which is 37% of the velocity dispersion of 666 km/s. Note that this is the same fraction as crossing time compared to the Hubble time, since this is the same calculation

vH / r = D H0 / r = (D/r) / (1/H0) = tcross / tH

as expected.

5. Using T = 7 × 107 K and R = 1.5 Mpc

(a)
The luminosity is given by

Lx = ( 4 R2 / 3 ) ff = 1.5 × 1036 W

which gives

ff = 1.5 × 1036 W / 4.155 × 1068 m3 = 3.61 × 10-33 W/m3.

Substituting this in the formula for the free-free emissivity

ne = [ 3.61 × 10-33 / 1.42 × 10-40 ]1/2 [ 7 × 107 ]-1/4 = 55.12 m-3

with everything in the appropriate units.

(b)
If the IGM gas is hydrogen, and it is fully ionized (which it is) the hydrogen density will be equal to the electron density, so the mass density in the IGM will be

= ne mH = 9.206 × 10-26 kg m-3

so the IGM mass is

Migm = 9.206 × 10-26 kg m-3 × 4.155 × 1068 m3 = 3.82 × 1043 kg = 1.91 × 1013 Msun.

(c)
Combining (b) and the results from problem 3, we get

Migm / Mvir = 1.91 × 1013 Msun/ 7.70 × 1014 Msun = 0.025

or 2.5% of the mass of the cluster is in the hot intergalactic medium.

(d)
The total mass-to-light ratio (using the virial mass) is

Mvir / L_V = 7.70 × 1014 Msun / 1.2 × 10^12 Lsun = 642

which is a very high value (and typical of clusters of galaxies). Using a spiral galaxy mass-to-light ratio (see Problem Set 7) of 10, we infer

Mgal ~ 10 L_V = 1.2 × 1013 Msun

which is 63% of the IGM gas mass. In more massive clusters than Virgo, like Coma, the galaxies contribute and even smaller fraction of the visible mass.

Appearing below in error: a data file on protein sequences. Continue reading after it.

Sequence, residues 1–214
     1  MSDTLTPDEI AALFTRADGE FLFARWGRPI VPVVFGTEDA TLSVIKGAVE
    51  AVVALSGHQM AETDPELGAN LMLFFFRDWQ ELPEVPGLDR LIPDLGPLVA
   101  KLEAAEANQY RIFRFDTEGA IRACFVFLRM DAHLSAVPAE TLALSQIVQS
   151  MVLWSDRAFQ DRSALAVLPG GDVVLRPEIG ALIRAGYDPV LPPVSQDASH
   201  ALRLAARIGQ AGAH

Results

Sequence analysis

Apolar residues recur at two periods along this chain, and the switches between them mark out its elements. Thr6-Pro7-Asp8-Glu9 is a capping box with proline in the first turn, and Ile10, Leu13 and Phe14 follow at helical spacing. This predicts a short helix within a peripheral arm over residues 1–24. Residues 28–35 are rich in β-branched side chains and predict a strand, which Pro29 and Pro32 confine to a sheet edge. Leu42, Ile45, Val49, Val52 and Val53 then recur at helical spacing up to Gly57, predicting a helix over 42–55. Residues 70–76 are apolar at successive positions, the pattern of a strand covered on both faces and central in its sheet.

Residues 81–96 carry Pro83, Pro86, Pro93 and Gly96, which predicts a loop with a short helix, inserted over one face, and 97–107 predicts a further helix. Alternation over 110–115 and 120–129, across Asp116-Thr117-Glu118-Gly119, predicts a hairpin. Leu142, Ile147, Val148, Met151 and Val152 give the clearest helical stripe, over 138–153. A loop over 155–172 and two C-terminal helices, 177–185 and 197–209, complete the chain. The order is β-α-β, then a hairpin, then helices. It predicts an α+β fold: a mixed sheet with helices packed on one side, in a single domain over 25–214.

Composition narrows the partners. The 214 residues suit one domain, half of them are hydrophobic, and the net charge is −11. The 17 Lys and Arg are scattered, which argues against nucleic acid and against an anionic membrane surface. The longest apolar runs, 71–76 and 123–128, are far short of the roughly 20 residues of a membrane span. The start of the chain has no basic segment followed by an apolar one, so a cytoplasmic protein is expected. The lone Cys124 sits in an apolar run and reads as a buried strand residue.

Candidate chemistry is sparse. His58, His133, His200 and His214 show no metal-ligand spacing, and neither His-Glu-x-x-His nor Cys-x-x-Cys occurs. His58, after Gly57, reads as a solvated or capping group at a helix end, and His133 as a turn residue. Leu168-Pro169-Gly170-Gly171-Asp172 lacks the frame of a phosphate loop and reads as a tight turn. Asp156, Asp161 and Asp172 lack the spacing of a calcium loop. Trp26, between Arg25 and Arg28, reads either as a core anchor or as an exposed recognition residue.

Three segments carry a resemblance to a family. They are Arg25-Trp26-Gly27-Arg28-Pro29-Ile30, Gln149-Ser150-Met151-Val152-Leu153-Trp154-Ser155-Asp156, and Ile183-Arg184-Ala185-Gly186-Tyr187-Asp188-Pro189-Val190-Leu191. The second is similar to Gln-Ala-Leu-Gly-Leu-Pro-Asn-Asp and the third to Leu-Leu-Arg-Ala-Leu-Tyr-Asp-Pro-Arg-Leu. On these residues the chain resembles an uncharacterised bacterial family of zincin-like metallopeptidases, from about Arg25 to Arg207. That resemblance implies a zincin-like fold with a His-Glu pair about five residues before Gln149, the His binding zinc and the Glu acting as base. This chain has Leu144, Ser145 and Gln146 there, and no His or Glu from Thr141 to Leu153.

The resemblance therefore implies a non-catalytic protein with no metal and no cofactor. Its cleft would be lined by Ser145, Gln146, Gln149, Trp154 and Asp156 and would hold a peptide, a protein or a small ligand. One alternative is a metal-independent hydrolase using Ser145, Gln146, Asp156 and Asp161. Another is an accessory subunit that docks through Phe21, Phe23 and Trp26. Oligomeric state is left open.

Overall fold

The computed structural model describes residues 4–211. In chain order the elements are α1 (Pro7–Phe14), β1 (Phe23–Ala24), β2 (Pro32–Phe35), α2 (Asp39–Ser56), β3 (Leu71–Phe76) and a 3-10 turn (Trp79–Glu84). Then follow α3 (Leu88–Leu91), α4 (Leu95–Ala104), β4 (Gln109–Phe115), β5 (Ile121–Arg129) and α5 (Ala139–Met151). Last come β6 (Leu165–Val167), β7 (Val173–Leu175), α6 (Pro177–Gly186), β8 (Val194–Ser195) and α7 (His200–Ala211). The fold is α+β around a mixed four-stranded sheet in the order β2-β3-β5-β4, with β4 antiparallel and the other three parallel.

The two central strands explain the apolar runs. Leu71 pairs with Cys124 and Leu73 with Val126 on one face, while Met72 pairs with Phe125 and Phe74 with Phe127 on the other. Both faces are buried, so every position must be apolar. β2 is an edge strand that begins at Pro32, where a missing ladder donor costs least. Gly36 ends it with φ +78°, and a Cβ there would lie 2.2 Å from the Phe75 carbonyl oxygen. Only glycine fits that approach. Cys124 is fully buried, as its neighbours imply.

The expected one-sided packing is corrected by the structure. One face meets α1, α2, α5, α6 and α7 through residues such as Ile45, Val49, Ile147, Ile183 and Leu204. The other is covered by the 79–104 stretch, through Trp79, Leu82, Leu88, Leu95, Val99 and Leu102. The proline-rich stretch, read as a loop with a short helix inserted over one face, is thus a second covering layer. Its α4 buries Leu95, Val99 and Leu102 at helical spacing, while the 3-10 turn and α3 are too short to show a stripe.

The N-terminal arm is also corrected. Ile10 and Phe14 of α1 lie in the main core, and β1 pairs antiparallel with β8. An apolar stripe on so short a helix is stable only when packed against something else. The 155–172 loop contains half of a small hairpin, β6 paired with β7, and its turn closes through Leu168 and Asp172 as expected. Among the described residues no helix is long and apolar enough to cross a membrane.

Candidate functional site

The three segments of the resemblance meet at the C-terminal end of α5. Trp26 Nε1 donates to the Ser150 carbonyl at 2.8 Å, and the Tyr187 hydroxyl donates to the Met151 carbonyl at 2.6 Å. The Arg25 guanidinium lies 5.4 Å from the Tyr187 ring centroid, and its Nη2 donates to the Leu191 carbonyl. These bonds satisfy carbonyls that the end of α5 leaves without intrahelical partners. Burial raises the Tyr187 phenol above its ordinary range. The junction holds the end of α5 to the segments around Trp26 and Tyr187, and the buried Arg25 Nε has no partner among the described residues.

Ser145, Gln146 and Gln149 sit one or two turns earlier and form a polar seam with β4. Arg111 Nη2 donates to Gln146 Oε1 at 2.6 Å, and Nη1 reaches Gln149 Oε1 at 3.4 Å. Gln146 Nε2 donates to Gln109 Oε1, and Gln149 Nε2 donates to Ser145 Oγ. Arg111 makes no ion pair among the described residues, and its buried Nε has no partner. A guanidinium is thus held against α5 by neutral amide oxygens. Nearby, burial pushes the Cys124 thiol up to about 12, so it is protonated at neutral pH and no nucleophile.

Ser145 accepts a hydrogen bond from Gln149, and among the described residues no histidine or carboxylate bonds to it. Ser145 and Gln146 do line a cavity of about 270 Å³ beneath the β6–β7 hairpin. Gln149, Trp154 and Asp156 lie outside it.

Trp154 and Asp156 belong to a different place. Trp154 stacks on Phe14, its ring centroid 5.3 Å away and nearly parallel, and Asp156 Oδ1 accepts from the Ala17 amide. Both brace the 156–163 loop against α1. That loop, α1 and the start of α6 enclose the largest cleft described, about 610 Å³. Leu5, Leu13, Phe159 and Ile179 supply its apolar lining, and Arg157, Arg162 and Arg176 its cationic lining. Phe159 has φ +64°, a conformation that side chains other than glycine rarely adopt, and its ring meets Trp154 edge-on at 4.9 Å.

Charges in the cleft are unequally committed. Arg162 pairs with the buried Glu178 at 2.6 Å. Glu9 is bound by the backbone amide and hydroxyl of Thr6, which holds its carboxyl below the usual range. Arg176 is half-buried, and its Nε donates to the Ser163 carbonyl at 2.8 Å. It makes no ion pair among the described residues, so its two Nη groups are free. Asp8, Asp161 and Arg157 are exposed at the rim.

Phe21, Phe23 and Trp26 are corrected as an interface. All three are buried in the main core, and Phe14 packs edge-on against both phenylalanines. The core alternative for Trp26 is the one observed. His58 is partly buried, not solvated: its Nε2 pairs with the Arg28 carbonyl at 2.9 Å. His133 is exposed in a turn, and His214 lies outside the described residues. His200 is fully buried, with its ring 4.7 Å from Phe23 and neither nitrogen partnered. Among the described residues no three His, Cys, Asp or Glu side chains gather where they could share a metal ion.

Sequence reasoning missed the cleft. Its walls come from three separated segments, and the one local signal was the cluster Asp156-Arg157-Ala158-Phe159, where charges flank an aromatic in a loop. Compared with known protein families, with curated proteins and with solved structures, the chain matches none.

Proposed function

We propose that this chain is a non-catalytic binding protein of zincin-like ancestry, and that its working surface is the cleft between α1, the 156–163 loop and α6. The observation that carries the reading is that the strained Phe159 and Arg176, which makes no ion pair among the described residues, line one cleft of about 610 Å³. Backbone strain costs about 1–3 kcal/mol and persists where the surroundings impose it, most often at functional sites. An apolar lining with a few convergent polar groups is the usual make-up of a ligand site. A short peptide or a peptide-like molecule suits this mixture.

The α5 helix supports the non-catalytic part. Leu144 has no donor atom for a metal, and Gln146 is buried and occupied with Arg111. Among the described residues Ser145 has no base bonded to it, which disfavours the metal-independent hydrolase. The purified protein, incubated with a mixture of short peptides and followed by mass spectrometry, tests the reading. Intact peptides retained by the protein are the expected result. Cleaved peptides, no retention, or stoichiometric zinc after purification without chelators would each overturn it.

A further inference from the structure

(e)
The hot electrons and protons form a gas, with an energy density of

uigm = 3 nigm k T / 2 = 3 ne k T

assuming the electrons and protons have the same energy. Then

uigm = 1.60 × 10-13 J m-3

which if it emits at the rate given in (a) will lose all its energy in a time

tcool = uigm / ff = 1.60 × 10-13 J m-3 / 3.61 × 10-33 W m-3 = 4.43 × 1019 s = 1.4 × 1012 yrs

which is much longer than the Hubble time.

6. We calculate the Eddington luminosity

LEd = 4 G M c / = 1.26 × 1031 W · ( M / Msun )

using the electron scattering (Thomson) opacity. In terms of solar luminosities

LEd = 3.28 × 104 Lsun · ( M / Msun )

and thus 108 Msun gives 3.3 × 1012 Lsun ( 1.26 × 1039 W ), which is in the range of quasar luminosities.

Each kilogram of matter brought from "infinity" to a radius of q Schwarzschild radii will give up the change in gravitational energy (which is zero at R of infinity)

Ugr/m = G M / R = G M / ( q · 2GM/c2 ) = c2 / 2q

and thus delivers an appreciable fraction of its rest-mass energy mc2! For q=3, we get c2/6 per kg, or 1.5 × 1016 J/kg. Thus, to maintain the Eddington luminosity we calcluated above, we need to accrete mass at the rate

dm/dt = dM/dt = LEd / (Ugr/m) = ( 1.26 × 1039 J/s ) / ( 1.5 × 1016 J/kg ) = 8.4 × 1022 kg/s

or

dM/dt = ( 8.4 × 1022 kg/s) · ( 3.156 × 107 s/yr ) / ( 2 × 1030 kg/Msun ) = 1.33 Msun/yr

and thus our black hole just has to munch on a star every year or so (or one big star every few years)!

smyers@nrao.edu   Steven T. Myers